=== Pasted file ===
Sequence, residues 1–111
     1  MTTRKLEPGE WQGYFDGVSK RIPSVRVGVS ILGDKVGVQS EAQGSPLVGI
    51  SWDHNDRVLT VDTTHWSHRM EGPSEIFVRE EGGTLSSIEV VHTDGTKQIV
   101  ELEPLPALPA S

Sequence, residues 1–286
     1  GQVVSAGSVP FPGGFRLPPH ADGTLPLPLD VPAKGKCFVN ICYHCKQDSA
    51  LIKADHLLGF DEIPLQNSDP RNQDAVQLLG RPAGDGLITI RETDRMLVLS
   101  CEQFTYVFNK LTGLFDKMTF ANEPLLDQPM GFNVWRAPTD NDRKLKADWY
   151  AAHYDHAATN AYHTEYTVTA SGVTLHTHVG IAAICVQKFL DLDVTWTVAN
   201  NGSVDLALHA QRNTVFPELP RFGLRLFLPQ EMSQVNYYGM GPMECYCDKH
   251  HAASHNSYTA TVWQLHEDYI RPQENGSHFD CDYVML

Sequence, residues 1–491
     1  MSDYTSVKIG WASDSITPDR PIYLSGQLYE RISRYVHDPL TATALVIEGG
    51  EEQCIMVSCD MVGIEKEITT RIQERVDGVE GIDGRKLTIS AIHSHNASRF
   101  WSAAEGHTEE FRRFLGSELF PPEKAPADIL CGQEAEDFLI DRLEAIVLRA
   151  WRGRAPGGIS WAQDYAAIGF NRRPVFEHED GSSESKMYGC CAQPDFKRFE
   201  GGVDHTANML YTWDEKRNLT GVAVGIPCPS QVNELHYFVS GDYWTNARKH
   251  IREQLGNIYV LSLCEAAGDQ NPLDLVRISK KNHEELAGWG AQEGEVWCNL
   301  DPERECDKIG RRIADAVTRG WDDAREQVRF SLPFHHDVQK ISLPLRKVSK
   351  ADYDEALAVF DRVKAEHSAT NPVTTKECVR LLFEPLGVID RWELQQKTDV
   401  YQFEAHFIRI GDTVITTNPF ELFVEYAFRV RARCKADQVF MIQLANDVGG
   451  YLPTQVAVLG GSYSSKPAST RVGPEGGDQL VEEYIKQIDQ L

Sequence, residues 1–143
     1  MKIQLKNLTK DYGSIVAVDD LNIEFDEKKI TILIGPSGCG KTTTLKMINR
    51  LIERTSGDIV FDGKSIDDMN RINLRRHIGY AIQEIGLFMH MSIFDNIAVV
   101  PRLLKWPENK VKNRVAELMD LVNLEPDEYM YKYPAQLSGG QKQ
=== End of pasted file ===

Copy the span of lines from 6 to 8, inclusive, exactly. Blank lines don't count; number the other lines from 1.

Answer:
     1  GQVVSAGSVP FPGGFRLPPH ADGTLPLPLD VPAKGKCFVN ICYHCKQDSA
    51  LIKADHLLGF DEIPLQNSDP RNQDAVQLLG RPAGDGLITI RETDRMLVLS
   101  CEQFTYVFNK LTGLFDKMTF ANEPLLDQPM GFNVWRAPTD NDRKLKADWY